Writing my last post on The Sculptural Turn led me to reflect on another wonderful collection of contemporary Japanese ceramics, in the Crocker Art Museum of Sacramento. I visited in June 2016, and the ceramics gallery was a definite highlight, presenting a choice selection of very high quality pieces.
There are some eye-catching celadons, such as a sinuous ceramic sculpture by Kino Satoshi (b.1987). This was first formed as a cylinder on a potter’s wheel, then dissected and reassembled in a new configuration. It is from a series of porcelain sculptures called Oroshi (“strong downwind from the mountain”).
There are two celadon bowls by Kawase Shinobu (b.1950), whose work I featured in this post in 2015. The first bowl, with its 16 lobes, is a triumph of form; the second, with its delicate “kingfisher” glaze, is a triumph of colour. This multi-coloured glaze took up to eight kiln firings to achieve and the artist sees it as evoking the plumage of the kingfisher.
In contrast, a red clay bowl by Ogawa Machiko (b.1946) has a primitive, earthy quality. Her work features in The Sculptural Turn, bearing similar hallmarks – the broken, unfinished edges, the cracks and fissures.
The display includes celebrated artists from the Mingei movement (focused on traditional crafts) such as Shoji Hamada (1894-1978), whose work I featured in this post in 2012 and in this post in 2016. Another key figure in the movement was Sakuma Totaro (1900-1976), represented here by a square plate with a fruit motif, the colours subtle yet uplifting.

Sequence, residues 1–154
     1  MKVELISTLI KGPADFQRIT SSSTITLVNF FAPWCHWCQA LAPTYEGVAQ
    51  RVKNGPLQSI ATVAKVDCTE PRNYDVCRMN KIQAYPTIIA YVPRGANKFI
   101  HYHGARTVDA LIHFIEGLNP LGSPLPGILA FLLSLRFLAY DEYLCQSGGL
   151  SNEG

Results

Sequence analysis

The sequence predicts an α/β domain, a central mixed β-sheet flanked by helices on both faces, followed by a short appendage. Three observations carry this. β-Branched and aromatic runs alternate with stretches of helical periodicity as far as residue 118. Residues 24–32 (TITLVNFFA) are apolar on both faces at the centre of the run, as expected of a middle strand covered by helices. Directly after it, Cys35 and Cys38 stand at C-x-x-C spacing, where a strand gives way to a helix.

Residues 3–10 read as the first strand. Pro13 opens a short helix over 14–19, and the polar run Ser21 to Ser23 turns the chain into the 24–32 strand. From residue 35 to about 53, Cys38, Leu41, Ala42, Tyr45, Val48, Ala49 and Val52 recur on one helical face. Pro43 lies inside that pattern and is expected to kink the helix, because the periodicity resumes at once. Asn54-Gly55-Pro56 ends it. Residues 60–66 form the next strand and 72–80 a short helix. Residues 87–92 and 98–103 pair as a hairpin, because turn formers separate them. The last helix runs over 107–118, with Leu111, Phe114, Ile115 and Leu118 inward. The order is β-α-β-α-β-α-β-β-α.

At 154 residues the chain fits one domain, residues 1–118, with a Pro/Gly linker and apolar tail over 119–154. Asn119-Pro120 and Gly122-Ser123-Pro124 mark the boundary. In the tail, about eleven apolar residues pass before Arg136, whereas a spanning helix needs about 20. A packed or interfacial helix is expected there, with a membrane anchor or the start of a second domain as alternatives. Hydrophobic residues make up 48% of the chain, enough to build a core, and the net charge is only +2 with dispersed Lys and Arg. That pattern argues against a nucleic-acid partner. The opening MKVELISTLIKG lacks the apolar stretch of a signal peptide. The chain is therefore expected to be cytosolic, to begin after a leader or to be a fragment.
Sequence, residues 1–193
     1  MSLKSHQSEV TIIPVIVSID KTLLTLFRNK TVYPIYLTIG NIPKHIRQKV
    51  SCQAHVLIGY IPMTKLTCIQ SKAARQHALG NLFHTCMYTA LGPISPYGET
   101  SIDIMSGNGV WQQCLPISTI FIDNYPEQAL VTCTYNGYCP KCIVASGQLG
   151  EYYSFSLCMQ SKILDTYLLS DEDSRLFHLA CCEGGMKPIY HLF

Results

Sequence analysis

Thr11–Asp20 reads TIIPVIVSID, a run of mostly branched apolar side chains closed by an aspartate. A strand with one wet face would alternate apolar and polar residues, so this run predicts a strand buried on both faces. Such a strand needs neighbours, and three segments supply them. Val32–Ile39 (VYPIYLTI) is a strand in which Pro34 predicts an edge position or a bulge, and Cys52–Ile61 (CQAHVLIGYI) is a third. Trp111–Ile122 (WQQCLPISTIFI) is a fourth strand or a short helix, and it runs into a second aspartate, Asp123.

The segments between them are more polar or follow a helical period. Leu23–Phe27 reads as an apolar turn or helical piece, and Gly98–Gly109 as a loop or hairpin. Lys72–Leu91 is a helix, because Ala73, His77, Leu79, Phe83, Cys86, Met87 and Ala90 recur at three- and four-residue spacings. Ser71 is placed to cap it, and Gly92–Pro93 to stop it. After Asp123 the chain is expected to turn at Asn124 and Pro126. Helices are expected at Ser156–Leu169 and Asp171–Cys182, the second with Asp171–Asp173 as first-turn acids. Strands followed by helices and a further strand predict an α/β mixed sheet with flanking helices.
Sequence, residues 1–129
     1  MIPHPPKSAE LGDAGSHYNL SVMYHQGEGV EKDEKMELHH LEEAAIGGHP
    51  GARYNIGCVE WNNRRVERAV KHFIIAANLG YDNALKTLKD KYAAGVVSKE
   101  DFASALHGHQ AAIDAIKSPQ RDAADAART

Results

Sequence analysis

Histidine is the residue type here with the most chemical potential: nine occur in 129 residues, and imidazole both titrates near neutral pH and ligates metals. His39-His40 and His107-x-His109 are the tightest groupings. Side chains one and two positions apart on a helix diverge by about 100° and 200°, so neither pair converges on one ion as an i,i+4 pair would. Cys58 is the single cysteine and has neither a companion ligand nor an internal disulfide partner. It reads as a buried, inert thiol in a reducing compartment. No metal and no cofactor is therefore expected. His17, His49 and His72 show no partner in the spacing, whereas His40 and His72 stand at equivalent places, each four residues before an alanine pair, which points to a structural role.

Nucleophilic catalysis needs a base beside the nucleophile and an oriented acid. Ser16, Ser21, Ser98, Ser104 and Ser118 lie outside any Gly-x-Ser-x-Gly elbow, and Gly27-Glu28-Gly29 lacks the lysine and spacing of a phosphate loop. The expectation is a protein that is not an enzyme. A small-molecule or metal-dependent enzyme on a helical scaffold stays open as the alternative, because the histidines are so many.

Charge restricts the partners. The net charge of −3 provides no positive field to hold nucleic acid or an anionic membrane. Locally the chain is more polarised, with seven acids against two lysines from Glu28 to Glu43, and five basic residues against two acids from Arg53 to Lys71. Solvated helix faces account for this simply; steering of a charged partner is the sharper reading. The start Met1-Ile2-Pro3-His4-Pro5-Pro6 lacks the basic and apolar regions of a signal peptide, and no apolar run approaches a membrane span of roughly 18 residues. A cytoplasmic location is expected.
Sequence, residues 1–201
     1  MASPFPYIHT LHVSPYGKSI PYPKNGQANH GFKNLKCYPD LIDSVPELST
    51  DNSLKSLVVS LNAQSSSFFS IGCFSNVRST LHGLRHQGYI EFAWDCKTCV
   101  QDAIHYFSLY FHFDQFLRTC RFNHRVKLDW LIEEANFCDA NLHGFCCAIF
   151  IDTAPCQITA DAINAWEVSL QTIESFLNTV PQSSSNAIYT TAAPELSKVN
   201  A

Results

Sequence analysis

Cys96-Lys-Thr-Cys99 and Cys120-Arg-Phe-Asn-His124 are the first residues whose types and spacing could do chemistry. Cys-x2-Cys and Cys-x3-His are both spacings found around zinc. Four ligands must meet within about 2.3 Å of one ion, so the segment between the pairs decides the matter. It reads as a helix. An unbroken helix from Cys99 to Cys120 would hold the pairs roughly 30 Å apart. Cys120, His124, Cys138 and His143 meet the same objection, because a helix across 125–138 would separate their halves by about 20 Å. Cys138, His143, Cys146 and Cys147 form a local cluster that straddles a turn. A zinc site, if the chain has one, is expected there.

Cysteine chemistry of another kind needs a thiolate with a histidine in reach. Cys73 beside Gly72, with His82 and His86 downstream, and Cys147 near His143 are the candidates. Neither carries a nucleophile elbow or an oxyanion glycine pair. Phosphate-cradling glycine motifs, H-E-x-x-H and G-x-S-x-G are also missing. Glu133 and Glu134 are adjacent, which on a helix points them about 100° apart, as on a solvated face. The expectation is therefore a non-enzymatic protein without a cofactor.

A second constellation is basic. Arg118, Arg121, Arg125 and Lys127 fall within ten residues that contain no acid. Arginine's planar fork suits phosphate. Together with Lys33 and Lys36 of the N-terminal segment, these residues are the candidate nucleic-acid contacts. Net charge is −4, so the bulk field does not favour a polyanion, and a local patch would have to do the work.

Overall, a small but enthralling selection of Japanese ceramics – definitely worth a stop if you are visiting Sacramento.
Crocker Art Museum
All photos: SF
Above: Kino Satoshi, Sculpture, 2014. Porcelain with pale bluish white celadon glaze. Crocker Art Museum.
Below: Kawase Shinobu, Bowl with 16 pinched edges, 2014. Porcellanous stoneware with celadon glaze. Crocker Art Museum.
Below: Kawase Shinobu, Teabowl, “Kingfisher”, 2013. Porcellanous stoneware with reddish-green celadon glaze. Crocker Art Museum.
Below: Ogawa Machiko, Vessel, no date. Red clay. Crocker Art Museum.
Below: Wada Morihiro, Tea bowl, ca. 1996. Porcellanous stoneware with black glaze and red and orange slip glaze patterning. Crocker Art Museum.
Below: Shoji Hamada, Covered box, no date. Stoneware. Crocker Art Museum.
Below: Shoji Hamada, Flask, ca. 1968. Stoneware. Crocker Art Museum.
Below: Sakuma Totaro, Square plate, ca. 1970. Crocker Art Museum.